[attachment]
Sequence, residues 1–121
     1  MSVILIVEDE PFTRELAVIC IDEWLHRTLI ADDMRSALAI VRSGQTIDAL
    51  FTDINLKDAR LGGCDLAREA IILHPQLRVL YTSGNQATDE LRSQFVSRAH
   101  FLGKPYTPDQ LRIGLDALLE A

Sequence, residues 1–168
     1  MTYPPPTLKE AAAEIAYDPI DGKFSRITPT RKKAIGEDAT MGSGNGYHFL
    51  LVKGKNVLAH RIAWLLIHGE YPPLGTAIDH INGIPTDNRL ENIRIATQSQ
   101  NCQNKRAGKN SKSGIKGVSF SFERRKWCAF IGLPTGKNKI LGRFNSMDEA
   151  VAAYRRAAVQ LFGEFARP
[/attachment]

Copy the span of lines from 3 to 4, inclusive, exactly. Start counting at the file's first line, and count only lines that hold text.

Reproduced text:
    51  FTDINLKDAR LGGCDLAREA IILHPQLRVL YTSGNQATDE LRSQFVSRAH
   101  FLGKPYTPDQ LRIGLDALLE A